Samsung has now detailed more about some of the tech behind the improved picture on its 2019 TVs including improved viewing angles, more effective upscaling and sound that adapts to your room.

Using a new 7nm Quantum 4K processor, Samsung has introduced several new enhancements to 4K sets, not just the showier 8K-toting Q900 series. 

The 2019 QLED series - Q950, Q90, Q85 and Q80 - is available for pre-order from Wednesday 13 March and will go on general sale from 27 March. 

Samsung TV engineer Min Carlos talked up Samsung’s upscaling tech, which uses machine learning to analyse images and create an updateable offline database that helps categories and process certain characteristics such as texture and finding and restoring edges in images. Noise is also able to be more effectively reduced.

Carlos suggested that while “every manufacturer says they are using AI technology, the difference here is how you divide [image types] by class.” Samsung’s database can quickly identify the type of image being processed and categorise them accordingly. This can also come in handy with streaming content if the available bandwidth reduces and the image quality drops.

Samsung has also worked hard to improve the viewing angle on its 2019 QLED TVs thanks to a change in the panel structure; a light concentration layer reduces light leakage. This results in the same colour and detail being seen wherever you are in the room.

Also new this year, HDR images are also more accurately rendered using the luminance and colour information of each frame to improve accuracy. Detail in predominantly dark images has also been worked on versus the 2018 sets.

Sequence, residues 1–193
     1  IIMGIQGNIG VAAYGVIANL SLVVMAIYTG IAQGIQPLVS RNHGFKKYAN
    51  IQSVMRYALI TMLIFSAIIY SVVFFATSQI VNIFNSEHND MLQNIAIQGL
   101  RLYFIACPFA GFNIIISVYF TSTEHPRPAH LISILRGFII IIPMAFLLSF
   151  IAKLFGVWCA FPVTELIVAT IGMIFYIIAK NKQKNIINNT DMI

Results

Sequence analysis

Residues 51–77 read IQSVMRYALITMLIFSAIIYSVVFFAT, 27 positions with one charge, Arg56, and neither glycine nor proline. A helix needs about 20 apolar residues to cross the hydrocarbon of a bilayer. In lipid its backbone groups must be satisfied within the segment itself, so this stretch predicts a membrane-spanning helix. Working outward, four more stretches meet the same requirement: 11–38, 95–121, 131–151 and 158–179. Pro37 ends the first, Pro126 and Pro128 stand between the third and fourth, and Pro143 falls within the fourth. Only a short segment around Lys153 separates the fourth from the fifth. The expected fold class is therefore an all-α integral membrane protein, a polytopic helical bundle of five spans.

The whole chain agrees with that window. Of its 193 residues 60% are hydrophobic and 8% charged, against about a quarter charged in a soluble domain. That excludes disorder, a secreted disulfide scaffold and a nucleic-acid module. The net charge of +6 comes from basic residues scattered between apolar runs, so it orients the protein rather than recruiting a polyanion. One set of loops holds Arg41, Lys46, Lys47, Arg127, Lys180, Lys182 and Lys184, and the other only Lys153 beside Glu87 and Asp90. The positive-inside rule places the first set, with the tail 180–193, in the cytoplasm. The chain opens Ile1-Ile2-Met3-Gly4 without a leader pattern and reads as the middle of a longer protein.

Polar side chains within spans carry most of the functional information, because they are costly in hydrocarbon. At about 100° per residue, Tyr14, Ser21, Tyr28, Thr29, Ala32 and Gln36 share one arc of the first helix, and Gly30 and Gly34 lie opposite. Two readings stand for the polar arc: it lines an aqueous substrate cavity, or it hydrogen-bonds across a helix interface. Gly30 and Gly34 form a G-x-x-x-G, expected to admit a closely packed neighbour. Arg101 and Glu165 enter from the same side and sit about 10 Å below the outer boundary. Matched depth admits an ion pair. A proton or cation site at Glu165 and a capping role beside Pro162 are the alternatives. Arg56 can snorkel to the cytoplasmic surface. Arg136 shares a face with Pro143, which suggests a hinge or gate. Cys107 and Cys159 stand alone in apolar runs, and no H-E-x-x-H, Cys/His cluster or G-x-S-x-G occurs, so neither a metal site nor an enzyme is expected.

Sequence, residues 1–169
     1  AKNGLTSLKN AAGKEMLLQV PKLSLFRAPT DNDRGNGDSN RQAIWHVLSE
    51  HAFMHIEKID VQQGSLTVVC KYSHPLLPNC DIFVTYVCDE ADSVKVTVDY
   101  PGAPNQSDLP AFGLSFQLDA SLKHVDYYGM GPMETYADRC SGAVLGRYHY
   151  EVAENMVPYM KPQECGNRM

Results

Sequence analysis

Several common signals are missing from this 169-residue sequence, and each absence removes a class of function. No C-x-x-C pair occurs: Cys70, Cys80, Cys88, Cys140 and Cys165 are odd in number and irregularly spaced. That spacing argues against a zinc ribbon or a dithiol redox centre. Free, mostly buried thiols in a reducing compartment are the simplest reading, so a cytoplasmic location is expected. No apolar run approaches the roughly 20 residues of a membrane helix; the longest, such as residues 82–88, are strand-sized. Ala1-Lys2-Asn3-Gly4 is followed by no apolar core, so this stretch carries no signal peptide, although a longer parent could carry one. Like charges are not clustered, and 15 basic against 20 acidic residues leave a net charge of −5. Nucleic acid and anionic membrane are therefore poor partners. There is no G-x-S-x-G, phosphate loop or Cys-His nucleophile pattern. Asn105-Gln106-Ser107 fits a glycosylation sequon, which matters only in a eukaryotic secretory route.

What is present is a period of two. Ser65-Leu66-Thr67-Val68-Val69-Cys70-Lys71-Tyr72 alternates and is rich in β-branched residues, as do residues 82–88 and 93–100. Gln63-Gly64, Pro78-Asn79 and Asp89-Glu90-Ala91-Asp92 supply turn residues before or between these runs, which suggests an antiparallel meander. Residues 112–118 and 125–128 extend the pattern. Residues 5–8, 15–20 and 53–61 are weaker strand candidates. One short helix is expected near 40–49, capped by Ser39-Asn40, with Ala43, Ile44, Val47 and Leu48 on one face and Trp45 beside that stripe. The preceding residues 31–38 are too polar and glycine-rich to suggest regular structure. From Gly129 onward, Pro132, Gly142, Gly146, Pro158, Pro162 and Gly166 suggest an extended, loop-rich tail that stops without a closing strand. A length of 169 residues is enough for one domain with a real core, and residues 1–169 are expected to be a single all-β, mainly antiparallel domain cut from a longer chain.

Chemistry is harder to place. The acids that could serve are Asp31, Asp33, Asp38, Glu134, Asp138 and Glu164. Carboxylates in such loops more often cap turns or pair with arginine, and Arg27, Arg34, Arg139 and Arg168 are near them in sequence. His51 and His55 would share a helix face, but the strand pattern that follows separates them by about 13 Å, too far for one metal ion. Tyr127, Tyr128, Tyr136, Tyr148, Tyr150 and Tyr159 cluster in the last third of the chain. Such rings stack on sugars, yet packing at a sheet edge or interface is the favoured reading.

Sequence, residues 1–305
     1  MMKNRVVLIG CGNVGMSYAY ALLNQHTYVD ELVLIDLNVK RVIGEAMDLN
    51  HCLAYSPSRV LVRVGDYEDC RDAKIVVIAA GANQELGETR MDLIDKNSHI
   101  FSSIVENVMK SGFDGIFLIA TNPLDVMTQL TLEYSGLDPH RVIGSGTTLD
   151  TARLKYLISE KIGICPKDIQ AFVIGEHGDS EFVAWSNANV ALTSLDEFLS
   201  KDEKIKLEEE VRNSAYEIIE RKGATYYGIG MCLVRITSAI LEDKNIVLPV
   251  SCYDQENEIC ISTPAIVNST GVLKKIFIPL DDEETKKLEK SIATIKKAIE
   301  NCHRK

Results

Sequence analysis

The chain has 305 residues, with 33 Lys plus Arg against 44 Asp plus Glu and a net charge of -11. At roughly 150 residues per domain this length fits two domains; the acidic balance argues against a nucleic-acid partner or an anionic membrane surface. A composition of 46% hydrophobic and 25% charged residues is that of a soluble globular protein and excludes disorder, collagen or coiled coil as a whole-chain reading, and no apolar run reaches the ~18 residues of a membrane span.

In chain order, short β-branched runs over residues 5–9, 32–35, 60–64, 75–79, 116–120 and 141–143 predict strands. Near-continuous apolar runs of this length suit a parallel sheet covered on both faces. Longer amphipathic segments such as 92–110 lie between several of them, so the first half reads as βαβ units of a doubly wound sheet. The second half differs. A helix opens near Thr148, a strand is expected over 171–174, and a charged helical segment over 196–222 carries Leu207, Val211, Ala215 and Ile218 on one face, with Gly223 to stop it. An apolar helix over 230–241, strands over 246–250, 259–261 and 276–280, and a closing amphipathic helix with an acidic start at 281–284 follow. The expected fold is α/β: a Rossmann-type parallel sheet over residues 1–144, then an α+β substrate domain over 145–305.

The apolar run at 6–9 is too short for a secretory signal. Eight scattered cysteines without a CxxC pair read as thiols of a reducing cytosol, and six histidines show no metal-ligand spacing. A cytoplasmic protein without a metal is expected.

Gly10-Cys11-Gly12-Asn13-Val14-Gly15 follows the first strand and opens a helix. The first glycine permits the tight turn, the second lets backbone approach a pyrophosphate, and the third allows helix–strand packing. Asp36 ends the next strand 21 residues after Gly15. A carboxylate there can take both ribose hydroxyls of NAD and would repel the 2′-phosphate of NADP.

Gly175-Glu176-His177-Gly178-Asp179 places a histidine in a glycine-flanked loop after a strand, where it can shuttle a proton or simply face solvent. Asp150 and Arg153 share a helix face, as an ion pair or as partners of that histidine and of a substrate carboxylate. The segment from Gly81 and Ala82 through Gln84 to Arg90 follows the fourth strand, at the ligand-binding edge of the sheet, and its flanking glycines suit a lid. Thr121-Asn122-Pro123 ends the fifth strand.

Pocket-lintSamsung details the improved picture tech behind its 2019 QLED TVs image 2

And sound handling has also been enhanced. When you take a 2019 QLED TV out of the box, you can set up the sound depending on your room; the set will detect the acoustic environment around your TV and compensate automatically.

We saw the new enhancements in action at a showcase demonstrating Samsung’s new QLED TV lineup – the technologies showcased in the top-end 4K Q90R model will drip down to the Q85R, Q80R and Q70R, too.

The 2019 QLED models offer Bixby as well as selected control via Amazon Alexa and Google Assistant provided you have an existing smart speaker device. Apple's iTunes Movies and TV Shows apps are coming to Samsung’s sets as well as those from other vendors, but we’re expecting an Apple announcement of what that actually means (probably alongside Apple’s TV and Movie streaming service) before third-party vendors offer it. We also know that Samsung will support AirPlay 2, too.

When asked when the Apple integration would come, we were told it would be the first half of this year, so expect it soon.

For 8K, the quantity of content continues to be a challenge, says Carlos: “At CES many manufacturers released 8K products with others coming soon but the problem is of course [native 8K content]. NHK has started 8K broadcasting in Japan and will be developing more around the [2020 Tokyo] Olympic Games.”

Whereas around 200,000 8K TVs were sold last year according to analyst HIS, that’s expected to leap up in the coming years with around 1.3 million sold this year, three million in 2020 and 4.5 million in 2021.